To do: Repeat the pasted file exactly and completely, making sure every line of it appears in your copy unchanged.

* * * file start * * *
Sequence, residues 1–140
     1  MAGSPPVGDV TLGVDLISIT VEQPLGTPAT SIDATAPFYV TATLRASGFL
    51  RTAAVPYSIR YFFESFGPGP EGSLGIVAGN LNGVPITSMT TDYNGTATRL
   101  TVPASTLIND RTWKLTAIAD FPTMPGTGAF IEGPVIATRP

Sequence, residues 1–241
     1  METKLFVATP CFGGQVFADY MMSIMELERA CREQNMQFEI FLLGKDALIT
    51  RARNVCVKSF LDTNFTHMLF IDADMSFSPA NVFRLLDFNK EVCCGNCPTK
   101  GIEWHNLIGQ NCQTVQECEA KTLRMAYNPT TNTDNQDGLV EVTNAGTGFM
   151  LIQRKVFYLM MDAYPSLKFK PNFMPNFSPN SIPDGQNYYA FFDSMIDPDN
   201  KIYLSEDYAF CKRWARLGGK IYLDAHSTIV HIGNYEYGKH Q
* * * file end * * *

Sequence, residues 1–140
     1  MAGSPPVGDV TLGVDLISIT VEQPLGTPAT SIDATAPFYV TATLRASGFL
    51  RTAAVPYSIR YFFESFGPGP EGSLGIVAGN LNGVPITSMT TDYNGTATRL
   101  TVPASTLIND RTWKLTAIAD FPTMPGTGAF IEGPVIATRP

Sequence, residues 1–241
     1  METKLFVATP CFGGQVFADY MMSIMELERA CREQNMQFEI FLLGKDALIT
    51  RARNVCVKSF LDTNFTHMLF IDADMSFSPA NVFRLLDFNK EVCCGNCPTK
   101  GIEWHNLIGQ NCQTVQECEA KTLRMAYNPT TNTDNQDGLV EVTNAGTGFM
   151  LIQRKVFYLM MDAYPSLKFK PNFMPNFSPN SIPDGQNYYA FFDSMIDPDN
   201  KIYLSEDYAF CKRWARLGGK IYLDAHSTIV HIGNYEYGKH Q